[31] The proposed MEP model of ET demonstrates the potential of the MEP theory in modeling land surface energy balance. For example, transpiration is often considered more difficult to model than (bare soil) evaporation because of the complexity associated with plant physiology. Yet, the MEP model of transpiration turns out to be a trivial limiting case of the MEP model of bare soil evaporation. The MEP model of ET confirms the findings of the earlier theoretical studies on evapotranspiration processes [*Wang et al.*, 2004, 2007] and translates them into predictive capability. It also sheds more light on the fundamental physics of ET from the perspective of optimality principle. As argued by *Wang et al.* [2004, 2007], the thermodynamic system of the land surface at macroscopic level evolves toward a potential equilibrium as quickly as possible by maximizing evapotranspiration under the constraint of conservation of energy. The MEP theory further reveals that the maximum evapotranspiration corresponds to a macroscopic state associated with the largest number of microscopic configurations of the system, i.e., maximum evapotranspiration is the macroscopically most probable phenomenon. More importantly, the MEP theory is able to make efficient use of information provided by a small number of observables to predict macroscopic fluxes.

[32] Note that the MEP model of ET is not a dynamic model for the surface state variables in the sense that it does not predict how temperature and moisture evolve with time. A dynamic model of surface soil temperature and soil moisture requires more information than that required by the MEP model to predict the surface fluxes. For example, predicting the states at the current time will need initial conditions of the states at a certain previous time. Instead, the MEP model predicts the surface fluxes using instantaneous temperature, humidity, and net radiation independent of their time histories. This feature makes the MEP model parsimonious in model input when applied to modeling surface energy balance.

[33] Note also that the MEP model provides a unique solution of *E*, *H*, and *G* given *T*_{s}, *q*_{s}, and *R*_{n}. The reverse is not true. That is, *T*_{s} and *q*_{s} cannot be uniquely determined from given *E*, *H*, and *G* because of the fact that the MEP solution of *E*, *H*, and *G* depends on or . This property makes physical sense since the surface state in terms of temperature and humidity is not expected to be fully specified from the surface fluxes alone. An interesting feature of the MEP model is reflected in the unequal role of *T*_{s} and *q*_{s} in the MEP model predicted fluxes: *E*, *H*, and *G* are explicitly dependent on *T*_{s} only when *q*_{s} ≠ 0 (e.g., over nondry soils). Therefore, the MEP model of ET is consistent with the MEP model of heat fluxes over a dry land surface [*Wang and Bras*, 2009] that does not need *T*_{s} input to predict *H* and *G*. This property may be viewed as an indicator of the dominant role of soil moisture in the land surface energy balance.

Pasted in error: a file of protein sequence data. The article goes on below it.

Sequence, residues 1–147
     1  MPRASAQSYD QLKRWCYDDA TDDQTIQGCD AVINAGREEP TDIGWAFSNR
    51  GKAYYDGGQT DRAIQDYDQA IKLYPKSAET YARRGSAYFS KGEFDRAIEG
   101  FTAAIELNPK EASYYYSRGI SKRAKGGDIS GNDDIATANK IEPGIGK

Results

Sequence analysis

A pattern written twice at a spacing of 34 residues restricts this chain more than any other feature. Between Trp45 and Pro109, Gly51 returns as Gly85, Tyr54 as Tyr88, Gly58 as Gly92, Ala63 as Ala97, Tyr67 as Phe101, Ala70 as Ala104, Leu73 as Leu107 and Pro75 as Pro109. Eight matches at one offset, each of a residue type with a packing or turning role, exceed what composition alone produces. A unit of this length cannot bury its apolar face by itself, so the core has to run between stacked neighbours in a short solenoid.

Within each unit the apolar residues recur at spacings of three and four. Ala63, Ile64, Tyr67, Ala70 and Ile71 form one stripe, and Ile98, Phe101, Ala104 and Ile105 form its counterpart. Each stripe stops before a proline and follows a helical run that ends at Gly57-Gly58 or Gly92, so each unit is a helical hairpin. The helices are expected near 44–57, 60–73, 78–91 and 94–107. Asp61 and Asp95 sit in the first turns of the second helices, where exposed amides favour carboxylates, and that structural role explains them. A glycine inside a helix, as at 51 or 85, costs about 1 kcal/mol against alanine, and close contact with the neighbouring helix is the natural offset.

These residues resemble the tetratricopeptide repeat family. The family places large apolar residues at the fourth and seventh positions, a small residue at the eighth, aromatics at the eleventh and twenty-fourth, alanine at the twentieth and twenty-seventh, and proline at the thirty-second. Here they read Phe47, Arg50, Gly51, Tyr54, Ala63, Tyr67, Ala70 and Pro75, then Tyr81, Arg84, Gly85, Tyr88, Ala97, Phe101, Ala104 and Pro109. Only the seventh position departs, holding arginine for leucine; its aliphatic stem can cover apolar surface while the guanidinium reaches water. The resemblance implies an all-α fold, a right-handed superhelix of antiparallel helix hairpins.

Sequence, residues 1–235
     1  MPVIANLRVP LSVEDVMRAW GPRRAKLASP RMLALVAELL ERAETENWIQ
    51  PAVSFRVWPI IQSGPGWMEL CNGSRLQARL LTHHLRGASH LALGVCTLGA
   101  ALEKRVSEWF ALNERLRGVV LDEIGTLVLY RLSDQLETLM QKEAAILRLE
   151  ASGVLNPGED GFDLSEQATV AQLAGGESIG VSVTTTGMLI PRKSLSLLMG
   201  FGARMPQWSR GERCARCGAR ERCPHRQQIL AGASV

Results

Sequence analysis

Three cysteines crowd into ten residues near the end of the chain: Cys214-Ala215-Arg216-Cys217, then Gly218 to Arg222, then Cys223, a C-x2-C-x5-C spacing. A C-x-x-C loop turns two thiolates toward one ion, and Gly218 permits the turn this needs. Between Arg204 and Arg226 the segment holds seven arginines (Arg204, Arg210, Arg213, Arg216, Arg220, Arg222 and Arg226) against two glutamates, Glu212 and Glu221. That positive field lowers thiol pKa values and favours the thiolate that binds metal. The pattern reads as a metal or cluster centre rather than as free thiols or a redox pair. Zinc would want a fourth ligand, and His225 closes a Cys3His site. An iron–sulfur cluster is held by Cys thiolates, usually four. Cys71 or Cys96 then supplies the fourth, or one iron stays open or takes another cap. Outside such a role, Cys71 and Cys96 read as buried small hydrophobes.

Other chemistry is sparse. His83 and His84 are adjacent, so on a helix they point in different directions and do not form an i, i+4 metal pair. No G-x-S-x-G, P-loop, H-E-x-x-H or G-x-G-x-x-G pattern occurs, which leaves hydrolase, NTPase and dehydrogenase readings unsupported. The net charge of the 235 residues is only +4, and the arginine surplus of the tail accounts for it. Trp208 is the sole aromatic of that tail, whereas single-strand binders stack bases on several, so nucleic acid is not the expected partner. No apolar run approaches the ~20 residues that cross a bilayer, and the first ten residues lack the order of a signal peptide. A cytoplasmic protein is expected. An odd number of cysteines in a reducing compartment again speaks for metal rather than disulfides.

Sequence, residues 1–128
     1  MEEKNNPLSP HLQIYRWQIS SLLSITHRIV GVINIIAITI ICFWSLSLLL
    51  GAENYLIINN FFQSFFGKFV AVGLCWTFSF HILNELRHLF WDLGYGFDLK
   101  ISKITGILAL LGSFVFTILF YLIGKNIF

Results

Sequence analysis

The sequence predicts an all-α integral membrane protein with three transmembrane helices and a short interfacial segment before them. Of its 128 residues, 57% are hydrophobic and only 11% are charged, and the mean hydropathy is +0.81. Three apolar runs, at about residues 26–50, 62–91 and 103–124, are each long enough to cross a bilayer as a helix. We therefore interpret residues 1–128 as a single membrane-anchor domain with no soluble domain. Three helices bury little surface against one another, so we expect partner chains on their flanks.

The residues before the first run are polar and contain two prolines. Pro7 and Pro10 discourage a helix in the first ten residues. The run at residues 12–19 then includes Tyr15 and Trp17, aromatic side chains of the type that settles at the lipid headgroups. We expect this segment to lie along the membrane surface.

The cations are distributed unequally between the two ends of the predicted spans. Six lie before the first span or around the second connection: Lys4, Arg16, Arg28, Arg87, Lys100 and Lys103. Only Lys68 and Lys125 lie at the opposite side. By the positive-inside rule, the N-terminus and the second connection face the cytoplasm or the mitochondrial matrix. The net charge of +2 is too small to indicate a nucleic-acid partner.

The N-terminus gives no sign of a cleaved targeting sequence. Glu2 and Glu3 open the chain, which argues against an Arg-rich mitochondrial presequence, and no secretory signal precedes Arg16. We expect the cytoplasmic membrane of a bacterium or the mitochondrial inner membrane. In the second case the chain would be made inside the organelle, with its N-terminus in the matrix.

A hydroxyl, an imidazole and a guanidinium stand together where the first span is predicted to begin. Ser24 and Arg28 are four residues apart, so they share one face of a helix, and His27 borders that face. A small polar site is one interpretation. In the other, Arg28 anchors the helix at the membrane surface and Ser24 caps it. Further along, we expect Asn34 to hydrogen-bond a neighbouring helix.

[34] The MEP model is not only parsimonious in model input, but also less sensitive to the uncertainties of model input than the bulk transfer based models because no temperature and humidity gradients appear in equations (6)–(9). Temperature only enters the model formulation through *I*_{e} (associated with *E*) instead of *I*_{a} (associated with *H*). The role of temperature gradient in *H* has been represented by the *H* -dependent *I*_{a} through the framework of the Monin-Obukhov similarity theory. Again, this property is consistent with the MEP model for the dry case [*Wang and Bras*, 2009] where temperature is not even a model input.

[35] The MEP model and the classical Penman's model have several features in common [*Penman*, 1948]. Both models are energy based and assume identical eddy diffusivity for heat and water vapor transfer in the ABL. Yet, the MEP model distinguishes itself from Penman's model in several major ways. First of all, the MEP model is built on a theory of nonequilibrium thermodynamics, while the Penman's model relies on empirical equations of turbulent transport. Second, the MEP model is formulated over the entire range of soil wetness from dry to saturation, while the Penman's model is applicable only to saturated surfaces. Generalization of the Penman's equation to unsaturated land surfaces often introduces empirical functions/parameters to characterize the effect of soil moisture on evaporation. The MEP method is most attractive for modeling transpiration, which turns out to be simpler than the bare soil case, as the eddy-diffusivity parameters for heat and water vapor cancel in the equations (see equations (13) and (14)). As a result, the MEP model of transpiration uses even fewer parameters, hence is less sensitive to the turbulent transport models than its bare soil counterpart. On the contrary, with additional parameters such as stomatal and aerodynamic conductance (or resistance) the Penman-Monteith model is more vulnerable to the modeling errors of turbulent transport. Third, the MEP model is more parsimonious in input parameters. Only three input variables are needed: net radiation, surface temperature, and surface specific humidity. The Penman and Penman-Monteith model require more input variables including temperature measured at two levels, air humidity, and those needed to parametrize stomatal and aerodynamic resistance. Fourth, Penman's model requires ground heat flux as input, while the MEP model predicts ground heat flux.